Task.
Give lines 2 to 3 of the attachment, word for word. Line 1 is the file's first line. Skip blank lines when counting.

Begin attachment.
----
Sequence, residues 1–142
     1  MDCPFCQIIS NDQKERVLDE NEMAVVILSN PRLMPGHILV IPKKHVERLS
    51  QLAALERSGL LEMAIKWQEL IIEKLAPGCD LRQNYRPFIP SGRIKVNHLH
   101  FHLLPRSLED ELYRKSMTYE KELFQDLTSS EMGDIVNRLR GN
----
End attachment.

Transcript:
     1  MDCPFCQIIS NDQKERVLDE NEMAVVILSN PRLMPGHILV IPKKHVERLS
    51  QLAALERSGL LEMAIKWQEL IIEKLAPGCD LRQNYRPFIP SGRIKVNHLH